Oct. 26, 2004 — The herbal supplement St. John’s Wort reduces the effectiveness of the cancer-fighting drug Gleevec, according to researchers from the University of Buffalo.
“Based on the results of this study, St. John’s Wort should be avoided in patients treated with [Gleevec], if possible,” write the researchers, who included Patrick Smith, PharmD.
Gleevec is used to treat a type of cancer called chronic myeloid leukemia (CML). As the first drug to specifically target cancer cells, it was considered a breakthrough medication and was quickly approved by the U.S. Food and Drug Administration (FDA) in 2001.
Currently, Gleevec is only approved to treat CML. However, other studies have suggested that it might have potential in combating other kinds of cancer.
Gleevec differs from chemotherapy in several respects. First, it’s taken orally, rather than intravenously. Second, the pills are spread over years, whereas chemotherapy is typically conducted in concentrated time periods. In addition, it zeroes in on cancer cells only, rather than killing all the cells in an affected area.
St. John’s Wort, on the other hand, is not a cancer treatment. Instead, it’s a popular supplement that has been used for years for medicinal purposes including mood elevation and mild-to-moderate depression.
While there is some evidence that St. John’s Wort works to treat mild and moderate depression, it lacks effect in treating major depression. However, St. John’s wort can interact with certain drugs, and these interactions can be dangerous.
Many of the so-called “natural substances” can have harmful effects. If taken in large quantities or if taken with another drug that interferes with its availability, these natural substances can have negative health consequences.
Several studies have shown that St. John’s Wort conflicts with prescription medications. In 2002, a Dutch study showed that St. John’s Wort interfered with and limited the effectiveness of the cancer-fighting medication irinotecan.
The FDA has warned in the past that St. John’s Wort could interact with a host of medications reducing their effectiveness, including those taken for HIV infection (indinavar), heart disease (high blood pressure calcium channel blockers such as diltiazam), seizure, cancer, organ transplant rejection (cyclosporine), and pregnancy (birth control pills).
Next: Latest Findings With St. John’s Wort
Smith’s study, which is scheduled to appear in the November issue of the journal Pharmacotherapy, tested St. John’s Wort’s effects on Gleevec in 10 healthy adults.
The 18-day study was conducted in two phases. First, participants took 400 milligrams of Gleevec with a light meal after an overnight fast, then provided periodic blood samples for the next 48 hours.
Next, participants kept taking Gleevec in the same manner, along with 300 milligrams of St. John’s Wort three times daily for 15 days.
Gleevec’s effects were “significantly altered” by St. John’s Wort, say the researchers. Gleevec’s blood levels were diminished by 32%-42%.
“A drug interaction of this magnitude might contribute to the development of [Gleevec] resistance and treatment failures,” write the researchers.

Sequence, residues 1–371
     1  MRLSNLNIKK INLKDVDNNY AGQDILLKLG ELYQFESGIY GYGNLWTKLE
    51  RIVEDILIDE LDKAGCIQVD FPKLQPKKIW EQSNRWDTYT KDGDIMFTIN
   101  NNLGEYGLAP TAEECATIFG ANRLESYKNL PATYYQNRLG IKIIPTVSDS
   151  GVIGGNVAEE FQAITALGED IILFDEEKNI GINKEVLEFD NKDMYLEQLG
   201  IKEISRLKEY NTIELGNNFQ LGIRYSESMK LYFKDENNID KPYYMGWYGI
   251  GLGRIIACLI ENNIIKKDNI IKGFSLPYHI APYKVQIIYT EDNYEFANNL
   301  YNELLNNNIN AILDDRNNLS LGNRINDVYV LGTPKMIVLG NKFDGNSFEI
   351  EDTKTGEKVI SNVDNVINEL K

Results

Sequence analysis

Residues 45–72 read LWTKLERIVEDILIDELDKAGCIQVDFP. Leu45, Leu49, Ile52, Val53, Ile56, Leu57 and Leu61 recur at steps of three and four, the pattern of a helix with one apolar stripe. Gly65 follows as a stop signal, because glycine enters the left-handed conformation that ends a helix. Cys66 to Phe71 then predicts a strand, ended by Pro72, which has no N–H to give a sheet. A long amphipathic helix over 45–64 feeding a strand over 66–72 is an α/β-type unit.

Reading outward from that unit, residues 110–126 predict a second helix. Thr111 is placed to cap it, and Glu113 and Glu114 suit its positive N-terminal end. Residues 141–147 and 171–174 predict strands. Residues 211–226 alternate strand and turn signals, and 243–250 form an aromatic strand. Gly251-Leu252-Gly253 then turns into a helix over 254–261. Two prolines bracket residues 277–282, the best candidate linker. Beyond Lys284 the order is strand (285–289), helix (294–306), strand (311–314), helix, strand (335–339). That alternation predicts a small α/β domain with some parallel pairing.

“Clinicians should be aware that St. John’s Wort may reduce [Gleevec] exposure by 30%-40%, and take appropriate actions to educate patients receiving [Gleevec] treatment.”
St. John’s Wort appears to speed up metabolism of Gleevec, ushering it out of the body before it has the chance to fully exert its effects. As a result, the body could stop responding to Gleevec, since it’s not present at appropriate blood levels.
St. John’s Wort is unregulated in the U.S., so it’s impossible to know the exact dose of each bottle sold in America. For that reason, St. John’s Wort’s interaction with Gleevec may be even greater in some cases, as well as in certain people who may be more sensitive to such effects, say the researchers.
A Call for Full Disclosure
Patients taking herbal supplements need to tell their health care providers about it, say Smith and colleagues, who cite studies that say about a third to one-half of all cancer patients use some type of alternative medicine, such as vitamins and herbal supplements.
Too often, the public is unaware that such preparations can interact with and even undermine their prescription medications.
That’s not to say that depression and mood concerns, which are the main reasons why people take St. John’s Wort, aren’t important. The best approach may be discussing all supplements and remedies with a doctor, along with the problems that prompted interest in those preparations in the first place.
SOURCES: Smith, P. “The Influence of St. John’s Wort on the Pharmacokinetics and Protein Binding of Imatinib Mesylate.” News release, University of Buffalo. WebMD Medical News: “Gleevec New CML Gold Standard.” WebMD Medical News: “FDA Approves ‘Breakthrough’ Leukemia Drug.” WebMD Medical News: “St. John’s Wort Reduces Chemotherapy Effects.”
Src kinase is an enzyme that may contribute to the ability of pancreatic cancer cells to metastasize or spread. BMS-354825 is an experimental compound that inhibits Src kinase.
Dr. Hong’s preliminary research shows that BMS-354825 inhibits Src kinase in pancreatic cancer cells in the laboratory. The inhibition of Src kinase then inhibits vascular endothelial growth factor (VEGF) in these cells. VEGF contributes to the ability of cancer cells to form new blood vessels and create a blood supply for the tumor. Dr. Hong hypothesizes that BMS-354825 may be an effective treatment for pancreatic cancer.
He will test his hypothesis first by determining if BMS-354825 kills isolated pancreatic cancer cells in the lab. Then, he will combine BMS-354825 with gemcitibine to determine if the two compounds together kill the isolated pancreatic cancer cells. Lastly, he will evaluate the antitumor activity of BMS-354825 alone and with gemcitibine in mouse models of pancreatic cancer.